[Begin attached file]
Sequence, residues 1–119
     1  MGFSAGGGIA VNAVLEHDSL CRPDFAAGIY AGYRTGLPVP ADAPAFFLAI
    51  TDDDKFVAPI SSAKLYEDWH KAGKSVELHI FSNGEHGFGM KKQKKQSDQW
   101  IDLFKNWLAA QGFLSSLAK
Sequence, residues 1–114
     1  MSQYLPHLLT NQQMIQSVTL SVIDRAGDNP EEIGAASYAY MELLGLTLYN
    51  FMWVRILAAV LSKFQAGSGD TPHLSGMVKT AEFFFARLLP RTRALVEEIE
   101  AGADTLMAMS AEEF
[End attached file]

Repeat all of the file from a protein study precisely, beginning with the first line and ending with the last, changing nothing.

Sequence, residues 1–119
     1  MGFSAGGGIA VNAVLEHDSL CRPDFAAGIY AGYRTGLPVP ADAPAFFLAI
    51  TDDDKFVAPI SSAKLYEDWH KAGKSVELHI FSNGEHGFGM KKQKKQSDQW
   101  IDLFKNWLAA QGFLSSLAK
Sequence, residues 1–114
     1  MSQYLPHLLT NQQMIQSVTL SVIDRAGDNP EEIGAASYAY MELLGLTLYN
    51  FMWVRILAAV LSKFQAGSGD TPHLSGMVKT AEFFFARLLP RTRALVEEIE
   101  AGADTLMAMS AEEF